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Tumor Lysis Syndrome

Tumor lysis syndrome (TLS) is an oncologic emergency that is caused by massive tumor cell lysis after initiation of cytotoxic therapy in patients with a large tumor burden, high cancer cell proliferation rate and chemosensitivity. Incidence of TLS is highest in patients with leukemia, lymphoma, multiple myeloma, esophageal cancer and hepatocellular carcinoma. Clinical manifestations include nausea, vomiting, diarrhea, anorexia, lethargy, seizures, muscle cramps, tetany, hematuria, acute renal failure, cardiac arhythmias, heart failure, syncope, and sudden death.

Symptoms are due to the release of large amounts of potassium, phosphate, and nucleic acids into the circulation. Catabolism of nucleic acid produces hyperuricemia, increased uric acid excretion and precipitation of uric acid in renal tubules, resulting in acute kidney injury. Hyperphosphatemia exacerbates acute kidney injury due to deposition of calcium phosphate in renal tubules.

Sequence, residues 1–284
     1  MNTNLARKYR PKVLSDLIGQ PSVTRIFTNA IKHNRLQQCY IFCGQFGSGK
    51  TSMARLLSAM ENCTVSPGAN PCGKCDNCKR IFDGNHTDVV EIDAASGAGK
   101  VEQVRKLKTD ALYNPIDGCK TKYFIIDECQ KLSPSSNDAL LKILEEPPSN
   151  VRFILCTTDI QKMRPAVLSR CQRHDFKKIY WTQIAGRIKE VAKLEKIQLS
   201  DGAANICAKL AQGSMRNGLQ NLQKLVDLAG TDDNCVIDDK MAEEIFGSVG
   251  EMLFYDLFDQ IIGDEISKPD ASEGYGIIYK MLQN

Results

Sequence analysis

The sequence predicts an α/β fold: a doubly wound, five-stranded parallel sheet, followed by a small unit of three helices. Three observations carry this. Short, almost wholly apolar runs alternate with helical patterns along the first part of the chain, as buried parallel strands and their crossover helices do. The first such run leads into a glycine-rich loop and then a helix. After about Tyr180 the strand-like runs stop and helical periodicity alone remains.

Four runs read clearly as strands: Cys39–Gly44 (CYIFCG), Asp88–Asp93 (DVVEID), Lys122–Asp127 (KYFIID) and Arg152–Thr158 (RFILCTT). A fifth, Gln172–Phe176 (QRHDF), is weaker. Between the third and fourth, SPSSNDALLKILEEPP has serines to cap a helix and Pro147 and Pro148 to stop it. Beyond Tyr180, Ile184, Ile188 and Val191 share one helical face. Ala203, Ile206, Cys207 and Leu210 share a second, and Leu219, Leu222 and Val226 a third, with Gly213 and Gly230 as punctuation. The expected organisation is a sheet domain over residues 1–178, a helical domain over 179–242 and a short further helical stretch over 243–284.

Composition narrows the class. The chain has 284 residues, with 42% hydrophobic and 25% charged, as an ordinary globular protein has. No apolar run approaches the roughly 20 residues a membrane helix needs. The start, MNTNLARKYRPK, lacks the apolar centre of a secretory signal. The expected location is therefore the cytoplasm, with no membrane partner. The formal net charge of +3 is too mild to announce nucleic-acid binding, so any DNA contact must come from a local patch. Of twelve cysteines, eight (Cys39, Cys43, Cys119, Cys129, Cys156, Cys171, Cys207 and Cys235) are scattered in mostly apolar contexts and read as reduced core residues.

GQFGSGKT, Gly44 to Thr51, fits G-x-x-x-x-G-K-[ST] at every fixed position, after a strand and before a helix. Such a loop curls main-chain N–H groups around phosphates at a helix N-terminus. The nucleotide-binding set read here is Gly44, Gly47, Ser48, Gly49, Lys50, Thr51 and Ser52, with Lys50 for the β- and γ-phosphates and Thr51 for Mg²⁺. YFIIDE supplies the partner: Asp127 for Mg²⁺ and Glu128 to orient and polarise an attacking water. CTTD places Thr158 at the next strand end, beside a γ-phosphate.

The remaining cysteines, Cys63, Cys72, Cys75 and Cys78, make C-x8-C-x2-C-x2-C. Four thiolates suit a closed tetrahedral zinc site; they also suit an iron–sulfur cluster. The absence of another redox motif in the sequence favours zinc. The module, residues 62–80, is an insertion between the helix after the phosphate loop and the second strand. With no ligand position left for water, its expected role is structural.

Laboratory TLS is defined as any two or more of the following metabolic abnormalities occurring within seven days after initiating chemotherapy:

  • Uric acid 8 mg/dL or higher
  • Potassium 6 mEq/L or higher
  • Phosphorus 6.5 or higher for children or 4.5 mg/dL or higher for adults
  • Calcium 7.0 mg/dL or less

Clinical TLS is defined as laboratory TLS plus one or more of the following: serum creatinine increased 1.5 times the upper limit or more, cardiac arrhythmia, seizure or sudden death.

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